Modulation of neural activity during acute painful stimuli has similarly been shown to occur during VR experiences. Full audio-visual immersion with VR is thought to lift 'cognitive distraction' to a new level, eliciting self-transcendent feelings of 'awe', refocussing attention away from pain and promoting positive mood changes.[2,3] Hoffman et al.[4] conducted one of the first fMRI studies evaluating the neurophysiological influence of interactive VR for healthy participants undergoing experimental thermal pain stimuli. Participants were transported to an alternative, virtual reality filled with falling snow, ice caverns and winter creatures with the use of VR. Significantly reduced activity within the pain neuromatrix was seen on fMRI, with the suggestion that VR influences modulation of sensory and emotional aspects of pain processing. A further randomized crossover study by Lier et al.[5] investigated changes in electroencephalography evoked by 'active' VR, 'passive' VR and control conditions in healthy participants during acute experimental pain. During the 'active' VR intervention, participants travelled along a calm, naturalistic river while also being challenged to shoot objects in the distance. When compared with passive and control interventions, 'active' VR significantly reduced the amplitudes of early and late evoked potentials thought to be related to pre-perceptual and late-perceptual pain processing.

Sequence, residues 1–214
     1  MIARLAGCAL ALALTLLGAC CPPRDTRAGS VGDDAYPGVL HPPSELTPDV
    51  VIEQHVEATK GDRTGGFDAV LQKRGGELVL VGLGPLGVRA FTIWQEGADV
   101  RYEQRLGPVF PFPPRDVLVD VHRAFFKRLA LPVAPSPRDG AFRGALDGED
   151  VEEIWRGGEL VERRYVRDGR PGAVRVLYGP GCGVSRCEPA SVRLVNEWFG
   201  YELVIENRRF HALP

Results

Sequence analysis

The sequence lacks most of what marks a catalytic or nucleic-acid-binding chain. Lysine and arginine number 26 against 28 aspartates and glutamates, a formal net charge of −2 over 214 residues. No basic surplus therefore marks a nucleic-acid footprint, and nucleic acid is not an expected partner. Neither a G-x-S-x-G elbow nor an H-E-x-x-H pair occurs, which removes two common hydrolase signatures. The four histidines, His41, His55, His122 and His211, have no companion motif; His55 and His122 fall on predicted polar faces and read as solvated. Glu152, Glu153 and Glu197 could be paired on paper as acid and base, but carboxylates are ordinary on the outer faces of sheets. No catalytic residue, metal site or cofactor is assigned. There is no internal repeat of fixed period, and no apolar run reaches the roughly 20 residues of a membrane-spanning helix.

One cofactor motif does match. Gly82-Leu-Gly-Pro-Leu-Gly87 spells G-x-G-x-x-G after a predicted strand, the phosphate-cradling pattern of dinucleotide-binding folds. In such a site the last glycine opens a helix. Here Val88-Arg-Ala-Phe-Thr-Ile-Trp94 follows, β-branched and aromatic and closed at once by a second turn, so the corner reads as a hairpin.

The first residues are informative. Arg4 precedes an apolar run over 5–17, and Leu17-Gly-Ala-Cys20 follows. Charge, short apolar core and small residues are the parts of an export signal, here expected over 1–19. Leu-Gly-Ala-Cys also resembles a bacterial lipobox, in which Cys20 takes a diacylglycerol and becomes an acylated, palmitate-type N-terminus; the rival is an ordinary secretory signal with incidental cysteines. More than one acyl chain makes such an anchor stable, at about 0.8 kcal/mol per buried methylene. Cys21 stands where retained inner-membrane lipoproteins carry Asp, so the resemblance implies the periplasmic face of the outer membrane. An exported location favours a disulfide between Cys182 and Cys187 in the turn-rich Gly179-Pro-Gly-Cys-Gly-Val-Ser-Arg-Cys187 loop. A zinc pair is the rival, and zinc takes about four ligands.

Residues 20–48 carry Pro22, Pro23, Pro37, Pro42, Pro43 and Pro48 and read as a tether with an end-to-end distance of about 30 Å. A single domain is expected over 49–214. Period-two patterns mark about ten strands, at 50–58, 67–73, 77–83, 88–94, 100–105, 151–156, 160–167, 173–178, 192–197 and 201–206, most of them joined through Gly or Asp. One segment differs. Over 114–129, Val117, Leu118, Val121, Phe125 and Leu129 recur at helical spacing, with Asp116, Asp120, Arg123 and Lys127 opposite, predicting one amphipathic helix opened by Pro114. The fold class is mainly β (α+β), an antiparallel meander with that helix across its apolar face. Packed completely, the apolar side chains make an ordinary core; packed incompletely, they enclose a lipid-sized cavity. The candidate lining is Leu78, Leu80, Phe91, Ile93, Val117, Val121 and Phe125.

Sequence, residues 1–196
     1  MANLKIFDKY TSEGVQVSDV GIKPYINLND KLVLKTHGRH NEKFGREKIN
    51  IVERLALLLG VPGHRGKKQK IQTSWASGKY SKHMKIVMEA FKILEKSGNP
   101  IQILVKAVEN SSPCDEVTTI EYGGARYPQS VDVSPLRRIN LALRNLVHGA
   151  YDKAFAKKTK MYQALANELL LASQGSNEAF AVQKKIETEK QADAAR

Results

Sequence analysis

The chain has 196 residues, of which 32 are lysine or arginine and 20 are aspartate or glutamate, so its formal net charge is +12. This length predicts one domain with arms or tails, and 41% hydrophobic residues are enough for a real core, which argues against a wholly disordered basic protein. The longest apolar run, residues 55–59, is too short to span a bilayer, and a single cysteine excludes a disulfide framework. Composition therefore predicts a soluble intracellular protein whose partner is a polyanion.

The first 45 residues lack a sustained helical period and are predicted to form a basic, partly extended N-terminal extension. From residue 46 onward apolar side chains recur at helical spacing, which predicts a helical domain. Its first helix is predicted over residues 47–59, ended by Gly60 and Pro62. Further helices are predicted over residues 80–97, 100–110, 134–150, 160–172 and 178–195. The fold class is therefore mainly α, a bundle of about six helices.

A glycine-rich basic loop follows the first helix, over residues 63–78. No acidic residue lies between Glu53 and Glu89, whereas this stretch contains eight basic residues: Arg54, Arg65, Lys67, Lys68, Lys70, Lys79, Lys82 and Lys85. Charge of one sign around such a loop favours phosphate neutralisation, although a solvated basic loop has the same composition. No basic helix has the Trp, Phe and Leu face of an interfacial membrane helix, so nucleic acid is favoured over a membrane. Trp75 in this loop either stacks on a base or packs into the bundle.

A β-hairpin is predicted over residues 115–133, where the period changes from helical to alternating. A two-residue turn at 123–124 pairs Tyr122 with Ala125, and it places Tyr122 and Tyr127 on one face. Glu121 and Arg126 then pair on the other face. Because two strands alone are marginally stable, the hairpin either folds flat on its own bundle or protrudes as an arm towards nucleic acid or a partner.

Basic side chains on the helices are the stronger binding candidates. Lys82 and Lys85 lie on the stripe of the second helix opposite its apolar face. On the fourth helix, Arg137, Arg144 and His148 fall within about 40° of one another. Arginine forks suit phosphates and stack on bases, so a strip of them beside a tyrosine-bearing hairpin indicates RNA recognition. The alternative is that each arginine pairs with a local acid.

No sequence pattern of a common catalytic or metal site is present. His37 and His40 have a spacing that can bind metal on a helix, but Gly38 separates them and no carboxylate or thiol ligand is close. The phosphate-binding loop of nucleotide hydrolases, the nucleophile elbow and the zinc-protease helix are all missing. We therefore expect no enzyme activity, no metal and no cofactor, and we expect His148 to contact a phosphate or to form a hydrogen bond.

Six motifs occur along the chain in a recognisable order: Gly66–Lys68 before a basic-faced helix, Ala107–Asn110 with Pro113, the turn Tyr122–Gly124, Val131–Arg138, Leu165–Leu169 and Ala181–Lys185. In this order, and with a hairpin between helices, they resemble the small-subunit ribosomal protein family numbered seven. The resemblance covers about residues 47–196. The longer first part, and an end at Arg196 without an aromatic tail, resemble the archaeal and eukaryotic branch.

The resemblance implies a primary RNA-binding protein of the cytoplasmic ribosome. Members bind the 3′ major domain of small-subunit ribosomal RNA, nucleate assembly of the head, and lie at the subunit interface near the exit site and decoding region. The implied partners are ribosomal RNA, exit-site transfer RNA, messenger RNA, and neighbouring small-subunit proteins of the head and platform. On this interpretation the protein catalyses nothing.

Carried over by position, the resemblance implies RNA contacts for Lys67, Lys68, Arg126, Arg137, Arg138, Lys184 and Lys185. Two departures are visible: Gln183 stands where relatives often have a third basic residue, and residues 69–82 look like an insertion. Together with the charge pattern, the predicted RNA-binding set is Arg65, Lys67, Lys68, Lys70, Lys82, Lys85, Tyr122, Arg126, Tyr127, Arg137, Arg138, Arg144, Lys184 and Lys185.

There is consistent evidence from clinical trials that VR significantly reduces subjective experiences of acute pain. A commonly cited example demonstrating VR's analgesic efficacy was published by Spiegel et al..[6] This randomized comparative effectiveness clinical trial compared efficacy of VR with a health and wellness video on a television screen. Hospitalized patients with pain of any type, but with an average severity of >3 on a 10-point VAS scale were included. Participants randomized to the VR arm were given a choice of immersive experiences from swimming with dolphins to playing an interactive VR game. The study demonstrated significant reductions in pain immediately post-VR compared with controls (P < 0.04). Significant effects persisted for up to 72-h post-intervention (P = 0.04) with greater analgesia seen in those with severe pain.